Diagnostic Procedures for Food Allergies
Your allergist will review the results of these tests to make a diagnosis. A positive outcome does not indicate that there is an allergy. However, a negative outcome helps rule one out. In a few cases, an allergist will prescribe an oral food challenge, viewed as the most precise approach to making a food allergy finding. During an oral food challenge conducted under strict therapeutic supervision, the patient is fed small amounts of the suspected trigger food in increasing doses over an undefined time frame, followed by a few hours of observation to check whether a reaction occurs. This test is practical when the patient’s history is unclear, or the skin or blood tests are uncertain. Because of the likelihood of a severe reaction, an oral food challenge should be conducted only by experienced allergists in a specialist’s office or at a food challenge centre, with emergency medication and equipment on hand.
Treatment Options for Food Allergies
Just in case the individual turns out to be food allergic, they should treat their food allergic responses by :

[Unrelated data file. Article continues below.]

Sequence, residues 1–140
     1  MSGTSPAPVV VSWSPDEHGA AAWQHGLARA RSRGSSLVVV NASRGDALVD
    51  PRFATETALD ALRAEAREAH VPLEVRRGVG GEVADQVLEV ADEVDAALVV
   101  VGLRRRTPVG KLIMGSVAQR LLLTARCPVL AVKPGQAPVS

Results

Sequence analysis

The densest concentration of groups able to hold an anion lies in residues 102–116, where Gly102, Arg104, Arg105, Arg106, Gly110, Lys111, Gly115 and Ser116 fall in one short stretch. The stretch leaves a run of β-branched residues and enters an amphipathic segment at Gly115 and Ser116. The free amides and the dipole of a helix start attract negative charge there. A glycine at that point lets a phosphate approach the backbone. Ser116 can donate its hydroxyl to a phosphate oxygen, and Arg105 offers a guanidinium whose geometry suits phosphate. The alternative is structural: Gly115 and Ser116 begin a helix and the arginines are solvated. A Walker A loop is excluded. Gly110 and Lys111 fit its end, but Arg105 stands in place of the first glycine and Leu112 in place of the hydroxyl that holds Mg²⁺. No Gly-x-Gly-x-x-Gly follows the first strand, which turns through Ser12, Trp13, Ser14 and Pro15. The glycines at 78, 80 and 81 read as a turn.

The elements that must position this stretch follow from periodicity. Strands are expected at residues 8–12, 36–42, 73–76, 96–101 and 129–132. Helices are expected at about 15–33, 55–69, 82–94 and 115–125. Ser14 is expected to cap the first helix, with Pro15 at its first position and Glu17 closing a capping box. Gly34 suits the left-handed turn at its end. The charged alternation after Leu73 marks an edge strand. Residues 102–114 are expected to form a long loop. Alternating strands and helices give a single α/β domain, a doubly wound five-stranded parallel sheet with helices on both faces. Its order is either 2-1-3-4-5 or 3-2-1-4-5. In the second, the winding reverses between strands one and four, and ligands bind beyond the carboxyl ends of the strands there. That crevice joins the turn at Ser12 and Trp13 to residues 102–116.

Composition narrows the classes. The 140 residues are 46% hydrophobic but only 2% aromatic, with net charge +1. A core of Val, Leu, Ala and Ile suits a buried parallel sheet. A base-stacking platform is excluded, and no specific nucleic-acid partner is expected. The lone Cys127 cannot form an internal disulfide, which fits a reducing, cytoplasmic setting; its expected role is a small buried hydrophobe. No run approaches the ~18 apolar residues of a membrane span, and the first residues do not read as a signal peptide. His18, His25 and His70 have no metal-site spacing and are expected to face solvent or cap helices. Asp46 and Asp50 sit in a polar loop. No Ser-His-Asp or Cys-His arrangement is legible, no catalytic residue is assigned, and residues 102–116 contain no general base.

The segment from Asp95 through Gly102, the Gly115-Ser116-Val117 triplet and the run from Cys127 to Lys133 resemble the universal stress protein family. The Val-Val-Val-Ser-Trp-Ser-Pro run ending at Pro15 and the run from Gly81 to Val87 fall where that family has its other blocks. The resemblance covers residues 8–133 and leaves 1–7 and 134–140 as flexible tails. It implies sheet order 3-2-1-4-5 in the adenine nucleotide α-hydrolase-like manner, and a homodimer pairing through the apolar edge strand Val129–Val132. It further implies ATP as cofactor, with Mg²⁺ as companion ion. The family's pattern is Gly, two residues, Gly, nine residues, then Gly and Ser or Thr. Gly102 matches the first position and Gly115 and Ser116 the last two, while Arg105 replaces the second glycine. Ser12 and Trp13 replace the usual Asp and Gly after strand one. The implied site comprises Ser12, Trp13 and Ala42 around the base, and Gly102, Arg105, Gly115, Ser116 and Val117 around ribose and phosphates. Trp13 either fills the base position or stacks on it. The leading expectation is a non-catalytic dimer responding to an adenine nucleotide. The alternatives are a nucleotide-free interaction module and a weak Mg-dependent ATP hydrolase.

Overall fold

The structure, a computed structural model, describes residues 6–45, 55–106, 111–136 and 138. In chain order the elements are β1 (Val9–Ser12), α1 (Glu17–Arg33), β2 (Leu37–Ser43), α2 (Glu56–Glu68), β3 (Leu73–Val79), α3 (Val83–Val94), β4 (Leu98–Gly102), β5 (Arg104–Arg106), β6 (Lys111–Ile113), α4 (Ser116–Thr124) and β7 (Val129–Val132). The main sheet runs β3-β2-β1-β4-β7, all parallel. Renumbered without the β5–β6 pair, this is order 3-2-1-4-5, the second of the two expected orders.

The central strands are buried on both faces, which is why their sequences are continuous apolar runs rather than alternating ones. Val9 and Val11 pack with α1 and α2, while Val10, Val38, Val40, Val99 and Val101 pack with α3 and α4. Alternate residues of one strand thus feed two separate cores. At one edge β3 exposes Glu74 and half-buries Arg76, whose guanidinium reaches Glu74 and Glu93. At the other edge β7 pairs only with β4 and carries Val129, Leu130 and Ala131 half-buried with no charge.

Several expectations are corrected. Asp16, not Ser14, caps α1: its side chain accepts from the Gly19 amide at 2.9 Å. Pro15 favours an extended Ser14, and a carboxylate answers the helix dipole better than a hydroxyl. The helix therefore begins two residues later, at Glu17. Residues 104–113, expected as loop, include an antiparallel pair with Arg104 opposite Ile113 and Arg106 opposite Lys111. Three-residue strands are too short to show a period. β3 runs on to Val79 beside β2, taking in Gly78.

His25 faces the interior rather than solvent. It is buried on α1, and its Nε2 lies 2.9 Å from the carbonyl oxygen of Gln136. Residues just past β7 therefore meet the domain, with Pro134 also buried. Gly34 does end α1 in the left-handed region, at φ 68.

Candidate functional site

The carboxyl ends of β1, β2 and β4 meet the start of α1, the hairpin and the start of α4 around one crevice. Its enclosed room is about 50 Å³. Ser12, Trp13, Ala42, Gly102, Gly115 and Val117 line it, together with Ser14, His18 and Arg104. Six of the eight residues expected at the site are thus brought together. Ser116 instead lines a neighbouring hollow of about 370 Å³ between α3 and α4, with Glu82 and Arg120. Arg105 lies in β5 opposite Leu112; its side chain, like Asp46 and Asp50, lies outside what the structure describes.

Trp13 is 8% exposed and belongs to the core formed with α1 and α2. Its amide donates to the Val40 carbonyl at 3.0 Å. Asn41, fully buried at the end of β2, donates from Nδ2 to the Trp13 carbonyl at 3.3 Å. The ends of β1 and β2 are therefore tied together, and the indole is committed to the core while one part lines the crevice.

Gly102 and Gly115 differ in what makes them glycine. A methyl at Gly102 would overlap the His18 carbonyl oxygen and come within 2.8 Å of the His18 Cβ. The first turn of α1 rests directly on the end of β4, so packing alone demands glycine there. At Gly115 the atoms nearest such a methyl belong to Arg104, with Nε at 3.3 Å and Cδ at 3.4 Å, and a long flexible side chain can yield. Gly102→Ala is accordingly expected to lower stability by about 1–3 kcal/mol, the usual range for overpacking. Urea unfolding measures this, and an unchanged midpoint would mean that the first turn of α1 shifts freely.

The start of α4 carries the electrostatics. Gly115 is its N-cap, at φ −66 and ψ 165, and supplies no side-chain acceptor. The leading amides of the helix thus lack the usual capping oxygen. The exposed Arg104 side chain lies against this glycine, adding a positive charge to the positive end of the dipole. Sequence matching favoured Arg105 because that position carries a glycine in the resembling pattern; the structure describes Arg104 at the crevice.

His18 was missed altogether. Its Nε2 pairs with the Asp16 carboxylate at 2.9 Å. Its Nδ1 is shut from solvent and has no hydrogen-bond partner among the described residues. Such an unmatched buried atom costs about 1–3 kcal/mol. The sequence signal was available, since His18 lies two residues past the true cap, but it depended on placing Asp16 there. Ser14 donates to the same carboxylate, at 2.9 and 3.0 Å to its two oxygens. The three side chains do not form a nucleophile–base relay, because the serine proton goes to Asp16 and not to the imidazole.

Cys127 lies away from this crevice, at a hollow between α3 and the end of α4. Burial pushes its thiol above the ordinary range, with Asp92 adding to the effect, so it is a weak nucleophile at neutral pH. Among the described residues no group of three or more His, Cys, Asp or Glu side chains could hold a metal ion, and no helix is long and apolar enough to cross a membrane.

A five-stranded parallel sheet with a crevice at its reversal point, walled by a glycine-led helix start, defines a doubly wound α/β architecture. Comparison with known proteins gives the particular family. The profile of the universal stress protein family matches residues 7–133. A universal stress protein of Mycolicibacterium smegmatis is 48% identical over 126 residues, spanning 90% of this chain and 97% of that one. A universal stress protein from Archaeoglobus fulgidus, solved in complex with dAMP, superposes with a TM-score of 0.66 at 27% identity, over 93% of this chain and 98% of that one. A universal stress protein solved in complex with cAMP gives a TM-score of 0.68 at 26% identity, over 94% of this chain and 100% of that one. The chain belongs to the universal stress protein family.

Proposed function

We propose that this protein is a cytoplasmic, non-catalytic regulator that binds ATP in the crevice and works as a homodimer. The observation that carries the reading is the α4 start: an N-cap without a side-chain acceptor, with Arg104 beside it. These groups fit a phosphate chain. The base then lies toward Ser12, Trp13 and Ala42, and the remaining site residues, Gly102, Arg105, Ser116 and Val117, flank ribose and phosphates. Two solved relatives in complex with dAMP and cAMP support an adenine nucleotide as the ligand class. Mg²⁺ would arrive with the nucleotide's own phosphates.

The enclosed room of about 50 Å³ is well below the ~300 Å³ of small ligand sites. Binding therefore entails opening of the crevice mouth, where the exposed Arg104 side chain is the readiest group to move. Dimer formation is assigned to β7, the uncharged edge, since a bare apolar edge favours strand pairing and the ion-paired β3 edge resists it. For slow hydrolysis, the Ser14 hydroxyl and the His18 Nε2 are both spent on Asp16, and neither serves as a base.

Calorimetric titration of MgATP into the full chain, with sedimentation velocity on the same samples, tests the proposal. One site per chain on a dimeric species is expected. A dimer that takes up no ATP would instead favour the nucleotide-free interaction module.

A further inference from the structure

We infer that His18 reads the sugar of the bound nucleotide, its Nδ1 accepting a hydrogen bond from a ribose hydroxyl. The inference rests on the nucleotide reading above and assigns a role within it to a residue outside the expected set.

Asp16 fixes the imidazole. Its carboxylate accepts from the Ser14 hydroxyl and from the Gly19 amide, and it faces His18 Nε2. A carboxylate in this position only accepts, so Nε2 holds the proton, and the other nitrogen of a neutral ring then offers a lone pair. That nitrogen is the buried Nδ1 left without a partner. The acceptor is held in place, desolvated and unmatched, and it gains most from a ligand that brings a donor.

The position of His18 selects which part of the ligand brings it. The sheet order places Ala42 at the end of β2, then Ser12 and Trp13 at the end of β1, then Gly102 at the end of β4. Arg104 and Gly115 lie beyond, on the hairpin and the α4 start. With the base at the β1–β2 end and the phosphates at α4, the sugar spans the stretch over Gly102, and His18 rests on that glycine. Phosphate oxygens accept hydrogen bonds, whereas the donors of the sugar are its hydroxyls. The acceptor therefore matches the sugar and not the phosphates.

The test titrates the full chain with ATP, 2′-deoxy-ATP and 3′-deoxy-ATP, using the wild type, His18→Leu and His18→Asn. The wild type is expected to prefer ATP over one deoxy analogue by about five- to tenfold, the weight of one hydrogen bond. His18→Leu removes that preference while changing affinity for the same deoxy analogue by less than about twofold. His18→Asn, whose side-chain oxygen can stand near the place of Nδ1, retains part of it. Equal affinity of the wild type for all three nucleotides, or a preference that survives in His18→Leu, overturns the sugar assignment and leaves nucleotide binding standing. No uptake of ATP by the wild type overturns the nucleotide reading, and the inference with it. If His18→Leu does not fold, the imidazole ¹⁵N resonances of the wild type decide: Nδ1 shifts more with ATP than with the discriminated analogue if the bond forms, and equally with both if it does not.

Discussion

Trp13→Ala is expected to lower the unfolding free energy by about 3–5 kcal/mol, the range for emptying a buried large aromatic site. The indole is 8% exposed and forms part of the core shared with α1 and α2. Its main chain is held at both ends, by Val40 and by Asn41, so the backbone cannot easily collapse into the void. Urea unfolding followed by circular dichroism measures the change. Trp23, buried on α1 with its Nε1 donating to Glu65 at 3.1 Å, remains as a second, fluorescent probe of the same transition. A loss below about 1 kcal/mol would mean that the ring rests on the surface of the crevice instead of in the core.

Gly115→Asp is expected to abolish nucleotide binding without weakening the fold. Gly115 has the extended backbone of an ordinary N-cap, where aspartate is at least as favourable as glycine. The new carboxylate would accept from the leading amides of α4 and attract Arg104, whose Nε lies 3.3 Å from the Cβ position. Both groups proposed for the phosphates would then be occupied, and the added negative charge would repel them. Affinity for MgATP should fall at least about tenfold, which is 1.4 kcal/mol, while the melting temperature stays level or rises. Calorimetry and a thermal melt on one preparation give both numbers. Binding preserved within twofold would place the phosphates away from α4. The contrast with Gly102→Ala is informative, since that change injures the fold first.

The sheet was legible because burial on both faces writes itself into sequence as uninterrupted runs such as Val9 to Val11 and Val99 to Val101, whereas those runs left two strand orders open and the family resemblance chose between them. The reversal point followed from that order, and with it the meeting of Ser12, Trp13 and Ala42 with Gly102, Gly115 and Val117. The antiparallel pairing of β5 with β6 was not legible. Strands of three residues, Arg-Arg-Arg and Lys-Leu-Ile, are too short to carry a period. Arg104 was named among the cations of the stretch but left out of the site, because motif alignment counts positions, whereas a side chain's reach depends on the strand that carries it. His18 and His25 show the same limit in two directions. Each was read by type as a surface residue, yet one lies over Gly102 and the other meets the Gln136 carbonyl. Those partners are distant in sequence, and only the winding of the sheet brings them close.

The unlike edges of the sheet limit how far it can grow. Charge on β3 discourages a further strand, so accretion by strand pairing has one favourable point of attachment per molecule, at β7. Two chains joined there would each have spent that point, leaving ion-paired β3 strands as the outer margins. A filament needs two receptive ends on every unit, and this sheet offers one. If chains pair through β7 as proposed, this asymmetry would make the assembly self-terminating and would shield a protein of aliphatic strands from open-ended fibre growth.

Elimination of diet: If the individual turns out to be food allergic, they should dispense that specific food from their eating regimen. Elimination may not just mean not eating that particular food; it may also include never inhaling it, touching it, or eating foods with traces inside. Cutlery, crockery, cooking surfaces, and chopping boards must be free of that particular allergen. Patients will also need to read food and drink labels precisely. Indeed, even a few cleansers, pet foods, glues, and adhesives may have traces of a food allergen.
Medication: Allergic responses can be treated by antihistamines and epinephrine. Antihistamines are usually effective for patients with mild or moderate allergies. Antihistamines come as gels, fluids or tablets. Histamines are chemicals that cause most hypersensitivity manifestations, and antihistamines obstruct their effects. Epinephrine can be given to people who have food allergies that may result in anaphylaxis. Epinephrine keeps blood pressure up by constricting blood vessels and, in addition, easing the airways.
Allergen immunotherapy involves exposing individuals to more significant amounts of allergen to change the immune system’s response. The advantages may last a considerable time after treatment is halted. It is generally safe and effective.